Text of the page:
Orientation and Training

Staff in the field will provide training on the skills required, but you may benefit from learning more about local history, culture and customs before you travel.

The internship’s first phase concentrates on training alongside other volunteers. The second phase of the internship is the work placement. Successful interns could be asked to stay on as field staff members helping to run our conservation research programmes, or be placed with one of our local conservation partners in other regions of Costa Rica, assisting in local conservation efforts and/or scientific research. 

By the end of the internship program participants will have the skills to monitor a wide range of mini-ecosystems in a very diverse location. Developing and applying a holistic approach to conservation, you will receive a range of certifications alongside valuable field based experience.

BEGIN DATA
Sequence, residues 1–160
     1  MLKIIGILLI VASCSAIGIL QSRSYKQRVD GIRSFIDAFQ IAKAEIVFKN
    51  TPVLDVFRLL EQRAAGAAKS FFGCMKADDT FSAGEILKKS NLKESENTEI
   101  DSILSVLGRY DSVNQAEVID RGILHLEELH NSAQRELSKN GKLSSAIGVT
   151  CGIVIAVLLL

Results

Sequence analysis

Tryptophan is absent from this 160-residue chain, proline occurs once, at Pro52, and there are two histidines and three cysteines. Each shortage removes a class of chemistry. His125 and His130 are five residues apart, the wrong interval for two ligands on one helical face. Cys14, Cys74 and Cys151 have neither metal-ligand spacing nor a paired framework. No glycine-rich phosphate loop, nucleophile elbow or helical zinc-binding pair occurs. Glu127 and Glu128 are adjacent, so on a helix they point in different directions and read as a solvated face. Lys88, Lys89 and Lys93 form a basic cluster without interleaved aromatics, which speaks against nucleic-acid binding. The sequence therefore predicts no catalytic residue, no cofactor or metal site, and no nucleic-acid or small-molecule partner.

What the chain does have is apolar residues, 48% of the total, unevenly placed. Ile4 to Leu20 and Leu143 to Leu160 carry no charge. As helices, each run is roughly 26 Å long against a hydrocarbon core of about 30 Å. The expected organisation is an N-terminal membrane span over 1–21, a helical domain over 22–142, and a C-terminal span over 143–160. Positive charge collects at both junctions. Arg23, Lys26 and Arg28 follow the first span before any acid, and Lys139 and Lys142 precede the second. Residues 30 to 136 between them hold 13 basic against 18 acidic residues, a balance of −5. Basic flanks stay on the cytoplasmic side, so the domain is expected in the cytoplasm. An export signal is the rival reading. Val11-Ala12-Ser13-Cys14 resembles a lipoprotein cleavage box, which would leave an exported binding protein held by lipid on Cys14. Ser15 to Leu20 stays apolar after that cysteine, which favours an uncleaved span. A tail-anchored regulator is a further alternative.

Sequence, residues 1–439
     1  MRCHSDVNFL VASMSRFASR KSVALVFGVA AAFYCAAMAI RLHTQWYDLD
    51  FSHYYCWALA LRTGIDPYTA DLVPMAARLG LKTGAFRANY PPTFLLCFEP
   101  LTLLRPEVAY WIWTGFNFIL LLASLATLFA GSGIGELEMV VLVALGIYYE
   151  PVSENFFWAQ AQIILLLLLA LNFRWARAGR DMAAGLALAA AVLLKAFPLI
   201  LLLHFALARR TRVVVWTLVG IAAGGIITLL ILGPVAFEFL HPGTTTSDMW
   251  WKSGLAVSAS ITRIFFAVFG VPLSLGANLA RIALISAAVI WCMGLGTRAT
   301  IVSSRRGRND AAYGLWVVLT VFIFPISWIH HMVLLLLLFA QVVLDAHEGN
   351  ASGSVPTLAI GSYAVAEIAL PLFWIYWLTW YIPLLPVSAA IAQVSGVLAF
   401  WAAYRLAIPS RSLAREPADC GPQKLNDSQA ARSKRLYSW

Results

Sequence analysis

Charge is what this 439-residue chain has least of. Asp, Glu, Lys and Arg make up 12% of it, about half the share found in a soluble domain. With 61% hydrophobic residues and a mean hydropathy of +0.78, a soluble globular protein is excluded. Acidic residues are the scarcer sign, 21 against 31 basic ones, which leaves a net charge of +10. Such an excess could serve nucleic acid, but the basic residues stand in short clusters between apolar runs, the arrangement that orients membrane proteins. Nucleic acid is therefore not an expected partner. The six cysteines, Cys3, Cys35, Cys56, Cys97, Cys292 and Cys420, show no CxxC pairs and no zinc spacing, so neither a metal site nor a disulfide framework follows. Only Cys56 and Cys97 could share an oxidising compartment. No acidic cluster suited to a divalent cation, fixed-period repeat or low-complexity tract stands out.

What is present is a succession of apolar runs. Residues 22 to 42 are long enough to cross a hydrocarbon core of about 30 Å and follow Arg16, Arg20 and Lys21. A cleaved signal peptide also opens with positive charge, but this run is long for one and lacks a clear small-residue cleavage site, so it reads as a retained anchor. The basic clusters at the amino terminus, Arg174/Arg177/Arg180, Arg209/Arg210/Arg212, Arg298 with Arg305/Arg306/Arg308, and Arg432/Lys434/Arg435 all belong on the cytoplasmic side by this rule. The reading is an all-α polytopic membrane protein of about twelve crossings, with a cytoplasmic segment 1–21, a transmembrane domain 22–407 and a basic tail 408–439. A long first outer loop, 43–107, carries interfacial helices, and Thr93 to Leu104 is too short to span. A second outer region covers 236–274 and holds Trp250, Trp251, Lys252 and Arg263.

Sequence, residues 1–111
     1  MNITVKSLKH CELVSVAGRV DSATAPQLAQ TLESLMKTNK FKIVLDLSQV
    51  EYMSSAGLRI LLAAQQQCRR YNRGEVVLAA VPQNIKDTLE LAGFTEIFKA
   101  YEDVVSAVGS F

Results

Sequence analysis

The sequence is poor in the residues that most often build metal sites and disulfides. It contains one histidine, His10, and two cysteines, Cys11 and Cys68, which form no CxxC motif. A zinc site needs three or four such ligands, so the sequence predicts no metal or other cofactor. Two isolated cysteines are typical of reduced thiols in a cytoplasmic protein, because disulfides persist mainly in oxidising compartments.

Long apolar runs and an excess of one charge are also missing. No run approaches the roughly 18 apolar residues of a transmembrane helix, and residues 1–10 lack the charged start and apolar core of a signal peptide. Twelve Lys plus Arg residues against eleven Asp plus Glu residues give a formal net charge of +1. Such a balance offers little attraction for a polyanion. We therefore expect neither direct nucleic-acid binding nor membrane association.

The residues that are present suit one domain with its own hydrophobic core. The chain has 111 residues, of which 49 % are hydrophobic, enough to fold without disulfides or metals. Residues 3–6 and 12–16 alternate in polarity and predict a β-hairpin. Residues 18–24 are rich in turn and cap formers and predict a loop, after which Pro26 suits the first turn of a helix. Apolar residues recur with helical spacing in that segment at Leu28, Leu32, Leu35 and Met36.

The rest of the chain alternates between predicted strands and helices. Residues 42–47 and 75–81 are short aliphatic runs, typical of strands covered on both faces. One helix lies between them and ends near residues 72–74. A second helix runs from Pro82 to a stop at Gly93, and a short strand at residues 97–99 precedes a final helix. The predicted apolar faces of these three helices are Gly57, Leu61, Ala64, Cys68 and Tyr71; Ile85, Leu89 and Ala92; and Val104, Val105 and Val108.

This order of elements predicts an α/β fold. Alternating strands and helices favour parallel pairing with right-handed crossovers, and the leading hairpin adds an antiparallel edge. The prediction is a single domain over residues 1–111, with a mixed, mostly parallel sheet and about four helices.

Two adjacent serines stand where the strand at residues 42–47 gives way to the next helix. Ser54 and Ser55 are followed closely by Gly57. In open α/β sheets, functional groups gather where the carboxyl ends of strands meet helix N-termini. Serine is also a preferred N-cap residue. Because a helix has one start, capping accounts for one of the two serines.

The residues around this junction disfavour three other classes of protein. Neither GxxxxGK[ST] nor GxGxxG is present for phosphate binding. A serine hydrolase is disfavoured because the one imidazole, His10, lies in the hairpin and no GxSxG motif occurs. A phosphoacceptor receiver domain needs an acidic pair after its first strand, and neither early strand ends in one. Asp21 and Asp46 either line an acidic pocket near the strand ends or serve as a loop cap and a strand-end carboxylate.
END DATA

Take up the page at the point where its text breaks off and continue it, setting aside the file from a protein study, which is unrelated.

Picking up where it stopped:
Placements are not guaranteed and are at the discretion of our field staff.

Meals may not be included in the second phase of the internship depending on your placement.

Good to know


The information below will be required by ALL Jalova bookings (in order to obtain a scientific permit):

  • Name, birthdate, passport number, passport country, exact dates of stay

  • Legible scanned copy of passport

  • BRIEF (1 page max) CV or resume, translated into Spanish (ideally by a professional translator, a university professor, bilingual native Spanish speaker, etc)

  • Passport-sized photo -- High quality digital head shots (4.5cm by 3.5cm


All volunteers are encouraged to learn more about local history, culture, and customs before travelling. We encourage applicants to learn some Spanish either before arriving or once in Costa Rica. Montaña Linda in Orosi Village offer week-long one-on-one courses.